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CCTV cameras in schools: No longer an one-off occurrence anymore

Several State and district administration bodies are introducing closed-circuit television (CCTV) cameras surveillance in schools either as a result of a policy decision taken by authorities or in the garb of monitoring examinations. This comes at a time when experts have time and again warned against exposing children to such surveillance measures which can be misused by malicious actors.

MediaNama reviewed several tenders floated by various governmental bodies in the last few weeks and found that CCTV systems are being introduced in schools all over the country — Rajasthan, Gujarat, Uttarakhand, Maharashtra and so on. For instance, the Board of Secondary Education in Ajmer, Rajasthan floated a Rs 2 crore tender of installing CCTV cameras at examination centres for the Main Exam 2021.

The bid document states that CCTV is to be provided in approximately 300 exam centres “for live observation of activities of candidates and their recording in the examination centres on the day of examination”.

“The installation of CCTV cameras should be made at least one day in advance from the scheduled date of examination and CCTV cameras should be functional for one hour before the scheduled time of commencement of the examination and 30 minutes after the completion of the examination,” the tender said. Apart from this, 50 persons will be monitoring students from a control room to be set up by the project coordinator.

Uttarakhand amping up CCTV surveillance

The Udhamsinghnagar district administration in Uttarakhand recently proposed to establish CCTVs in government schools in the district. This follows a Uttarakhand government decision to introduce cameras in all government-run schools in the state in a bid to improve security standards.

Times of India quoted Mukul Kumar Sati, the state project director of Samagra Shiksha Abhiyan saying, “We are planning to install the cameras mostly in co-ed schools and hostels for the safety of students. Schools with a lack of proper will also be added. The cameras will not be installed inside classrooms or hostel rooms of students.”

This what the Udhamsinghnagar district administration will install in their schools:

  • 4 MP Bullet Camera – 200
  • 4 MP Dome Camera – 600
  • 32″ LED Display Unit – 100

Gujarat introducing tech in schools

The Gujarat State Electricity Corporation Limited, which is responsible for the Dhuvaran Gas Based Power Station (DGBPS) in Anand district of Gujarat, recently floated a tender for supplying and commissioning of IP-based CCTV surveillance system at the Government Boys Primary School in Dhuvaran. The school serves as an affordable option for employees of DGBPS.

West Bengal not far behind

The Howrah Municipal Corporation a few months back proposed installing CCTVs at Howrah Urdu Girls High School. The estimated cost of the tender was around Rs 1.5 lakh, and no more details regarding the need for such technology at a school was provided by the municipal body. This also indicates that installation of CCTV cameras has become a commonplace occurrence in sensitive locations; and that concerns regarding privacy and the absence of personal data protection law in the country are ignored by such government bodies before taking a decision.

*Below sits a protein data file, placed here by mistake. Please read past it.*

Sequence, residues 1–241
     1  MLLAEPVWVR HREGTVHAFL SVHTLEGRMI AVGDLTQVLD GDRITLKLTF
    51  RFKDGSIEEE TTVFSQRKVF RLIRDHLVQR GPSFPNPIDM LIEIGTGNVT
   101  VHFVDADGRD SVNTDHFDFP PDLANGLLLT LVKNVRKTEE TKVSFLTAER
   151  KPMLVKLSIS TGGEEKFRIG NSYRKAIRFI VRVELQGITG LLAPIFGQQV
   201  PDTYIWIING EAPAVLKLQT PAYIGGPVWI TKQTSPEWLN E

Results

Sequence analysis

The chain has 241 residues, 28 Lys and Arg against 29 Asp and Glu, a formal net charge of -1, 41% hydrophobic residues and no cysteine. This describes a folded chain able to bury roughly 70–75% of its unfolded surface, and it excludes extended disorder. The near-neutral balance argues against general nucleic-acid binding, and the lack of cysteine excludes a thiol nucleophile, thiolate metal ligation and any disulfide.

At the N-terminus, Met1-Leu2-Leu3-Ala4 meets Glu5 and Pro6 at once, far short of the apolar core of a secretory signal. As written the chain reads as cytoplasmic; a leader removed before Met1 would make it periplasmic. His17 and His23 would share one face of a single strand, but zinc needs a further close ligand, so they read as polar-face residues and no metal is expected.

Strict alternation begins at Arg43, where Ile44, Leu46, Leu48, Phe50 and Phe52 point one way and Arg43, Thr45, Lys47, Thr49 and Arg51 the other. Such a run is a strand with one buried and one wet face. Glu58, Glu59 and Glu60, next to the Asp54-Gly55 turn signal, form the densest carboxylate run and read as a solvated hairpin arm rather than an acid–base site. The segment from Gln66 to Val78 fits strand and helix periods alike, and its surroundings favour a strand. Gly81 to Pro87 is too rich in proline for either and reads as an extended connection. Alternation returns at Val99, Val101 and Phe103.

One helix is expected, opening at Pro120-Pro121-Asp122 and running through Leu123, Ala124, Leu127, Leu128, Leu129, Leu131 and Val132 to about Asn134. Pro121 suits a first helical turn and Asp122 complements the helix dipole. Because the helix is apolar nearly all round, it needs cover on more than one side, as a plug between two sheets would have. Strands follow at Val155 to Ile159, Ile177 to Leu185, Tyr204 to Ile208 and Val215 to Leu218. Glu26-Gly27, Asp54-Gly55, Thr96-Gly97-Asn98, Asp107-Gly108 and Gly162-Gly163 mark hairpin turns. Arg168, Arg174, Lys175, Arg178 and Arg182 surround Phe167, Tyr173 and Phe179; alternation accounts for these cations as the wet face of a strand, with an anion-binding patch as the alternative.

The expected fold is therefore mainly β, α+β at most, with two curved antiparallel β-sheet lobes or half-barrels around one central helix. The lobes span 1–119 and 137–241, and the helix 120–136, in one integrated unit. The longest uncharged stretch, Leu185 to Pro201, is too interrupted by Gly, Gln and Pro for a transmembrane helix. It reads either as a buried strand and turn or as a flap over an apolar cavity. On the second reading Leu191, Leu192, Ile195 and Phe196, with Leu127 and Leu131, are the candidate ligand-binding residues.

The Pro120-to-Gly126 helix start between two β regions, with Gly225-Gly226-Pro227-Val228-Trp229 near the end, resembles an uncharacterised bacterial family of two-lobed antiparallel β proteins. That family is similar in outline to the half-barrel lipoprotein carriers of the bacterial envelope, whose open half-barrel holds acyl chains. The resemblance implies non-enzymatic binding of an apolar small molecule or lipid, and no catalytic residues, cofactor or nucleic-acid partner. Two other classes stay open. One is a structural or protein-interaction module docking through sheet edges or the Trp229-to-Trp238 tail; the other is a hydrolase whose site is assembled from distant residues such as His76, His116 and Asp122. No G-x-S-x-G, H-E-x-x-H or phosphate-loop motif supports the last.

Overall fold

In 2019, the Delhi government encountered controversy when it proposed the introduction of an initiative that would let parents monitor kids on CCTVs. The matter went to the courts, although the Supreme Court refused to stay the government’s CCTV project.

Experts urge caution

Nakul Batra, Associate Partner at DSK Legal said, “What CCTV captures is certainly ‘personal data’ as the footage from CCTV reveals identity of a natural person. The PDP Bill under its Chapter IV, Section 16 considers any person who processes large volumes of personal data of children as ‘guardian data fiduciary’ who are subject to certain restrictions in collection and processing of children’s data (but still not akin to the greater compliance requirements to be met by ‘significant data fiduciary under the Bill). Schools are likely to fall under this categorisation of ‘guardian data fiduciary’.

For collection and processing of personal data pertaining to children, PDP Bill prescribes that the same must be in the best interest of the children, and how and from whom the consent must be obtained (parents and guardians). Undeniably, CCTVs surveillance has become a means to monitor health and safety, and to prevent any abuse or crime, and therefore the usage of CCTV in schools can be purposefully viewed in the best interest of children in terms of Section 16(1) of the PDP Bill — Nakul Batra, Associate Partner at DSK Legal

Shweta Mohandas, a policy officer at Centre for Internet and Society said, “The continuous monitoring of children at school creates a number of privacy and data protection concerns. In terms of privacy the notion that they are being watched all the time and in terms of data protection is the concerns around how this data will be processed and what decisions will be made by the schools based on this data, are a few of the many concerns. For educational institutions, they need to understand the policies of the vendor they are purchasing this device or software from and audit how this company stores, processes, retains, uses, and shares this data.”

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